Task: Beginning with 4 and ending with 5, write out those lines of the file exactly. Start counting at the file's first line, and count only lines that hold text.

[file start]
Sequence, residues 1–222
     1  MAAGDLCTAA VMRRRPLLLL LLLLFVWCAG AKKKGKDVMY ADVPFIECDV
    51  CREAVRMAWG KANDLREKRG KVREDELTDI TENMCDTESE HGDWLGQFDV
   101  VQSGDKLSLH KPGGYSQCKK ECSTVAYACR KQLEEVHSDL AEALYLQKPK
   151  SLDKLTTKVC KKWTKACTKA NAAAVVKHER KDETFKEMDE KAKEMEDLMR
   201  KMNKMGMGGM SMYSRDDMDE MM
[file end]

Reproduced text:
   101  VQSGDKLSLH KPGGYSQCKK ECSTVAYACR KQLEEVHSDL AEALYLQKPK
   151  SLDKLTTKVC KKWTKACTKA NAAAVVKHER KDETFKEMDE KAKEMEDLMR